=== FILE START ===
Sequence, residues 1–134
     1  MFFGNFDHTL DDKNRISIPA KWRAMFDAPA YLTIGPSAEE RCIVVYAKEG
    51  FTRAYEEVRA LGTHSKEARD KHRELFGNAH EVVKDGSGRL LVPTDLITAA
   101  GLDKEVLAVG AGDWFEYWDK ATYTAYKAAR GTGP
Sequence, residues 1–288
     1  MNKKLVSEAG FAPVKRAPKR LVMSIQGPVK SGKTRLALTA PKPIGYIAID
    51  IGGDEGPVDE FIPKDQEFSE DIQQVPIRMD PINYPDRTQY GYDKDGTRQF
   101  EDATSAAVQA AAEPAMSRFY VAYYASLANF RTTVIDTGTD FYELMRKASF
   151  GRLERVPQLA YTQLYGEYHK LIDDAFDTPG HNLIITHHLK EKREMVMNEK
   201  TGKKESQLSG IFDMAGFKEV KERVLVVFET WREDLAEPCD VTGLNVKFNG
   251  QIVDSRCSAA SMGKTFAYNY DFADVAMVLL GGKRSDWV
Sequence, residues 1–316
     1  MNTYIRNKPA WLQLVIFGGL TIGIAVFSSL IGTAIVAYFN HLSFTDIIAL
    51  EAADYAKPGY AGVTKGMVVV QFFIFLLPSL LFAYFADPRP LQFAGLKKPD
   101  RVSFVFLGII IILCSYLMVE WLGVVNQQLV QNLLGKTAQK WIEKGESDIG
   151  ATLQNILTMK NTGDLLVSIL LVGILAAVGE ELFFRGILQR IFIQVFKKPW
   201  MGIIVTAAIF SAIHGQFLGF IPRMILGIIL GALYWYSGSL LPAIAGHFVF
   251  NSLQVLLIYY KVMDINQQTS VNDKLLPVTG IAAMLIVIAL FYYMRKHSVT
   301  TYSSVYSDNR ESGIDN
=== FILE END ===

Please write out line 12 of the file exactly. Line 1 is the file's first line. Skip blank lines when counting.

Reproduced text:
Sequence, residues 1–316